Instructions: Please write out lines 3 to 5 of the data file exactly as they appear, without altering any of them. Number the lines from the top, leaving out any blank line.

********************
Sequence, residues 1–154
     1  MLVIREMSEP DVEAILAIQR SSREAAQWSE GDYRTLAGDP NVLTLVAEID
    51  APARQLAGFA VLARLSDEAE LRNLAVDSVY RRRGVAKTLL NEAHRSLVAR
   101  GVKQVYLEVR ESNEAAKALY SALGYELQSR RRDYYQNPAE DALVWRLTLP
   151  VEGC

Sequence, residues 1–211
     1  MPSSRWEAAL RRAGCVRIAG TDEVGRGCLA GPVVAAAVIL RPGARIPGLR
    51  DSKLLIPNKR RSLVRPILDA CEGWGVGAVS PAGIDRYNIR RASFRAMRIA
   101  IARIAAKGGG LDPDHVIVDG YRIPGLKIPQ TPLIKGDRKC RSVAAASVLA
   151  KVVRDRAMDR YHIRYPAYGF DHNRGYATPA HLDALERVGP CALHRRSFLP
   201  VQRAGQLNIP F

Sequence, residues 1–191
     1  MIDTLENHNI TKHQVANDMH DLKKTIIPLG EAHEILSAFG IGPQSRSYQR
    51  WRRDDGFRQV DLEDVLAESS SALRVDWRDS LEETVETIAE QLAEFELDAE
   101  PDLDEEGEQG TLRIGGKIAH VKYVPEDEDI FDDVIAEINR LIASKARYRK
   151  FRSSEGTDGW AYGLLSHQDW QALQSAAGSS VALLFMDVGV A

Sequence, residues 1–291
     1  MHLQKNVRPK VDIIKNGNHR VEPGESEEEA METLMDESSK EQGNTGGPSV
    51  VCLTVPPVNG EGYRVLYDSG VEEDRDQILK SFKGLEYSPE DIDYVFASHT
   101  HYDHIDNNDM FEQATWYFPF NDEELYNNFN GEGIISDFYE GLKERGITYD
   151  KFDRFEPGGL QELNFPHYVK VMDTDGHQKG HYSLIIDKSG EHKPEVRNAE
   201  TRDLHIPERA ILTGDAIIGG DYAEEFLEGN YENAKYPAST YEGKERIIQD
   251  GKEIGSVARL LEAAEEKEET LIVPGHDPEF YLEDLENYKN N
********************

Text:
    51  APARQLAGFA VLARLSDEAE LRNLAVDSVY RRRGVAKTLL NEAHRSLVAR
   101  GVKQVYLEVR ESNEAAKALY SALGYELQSR RRDYYQNPAE DALVWRLTLP
   151  VEGC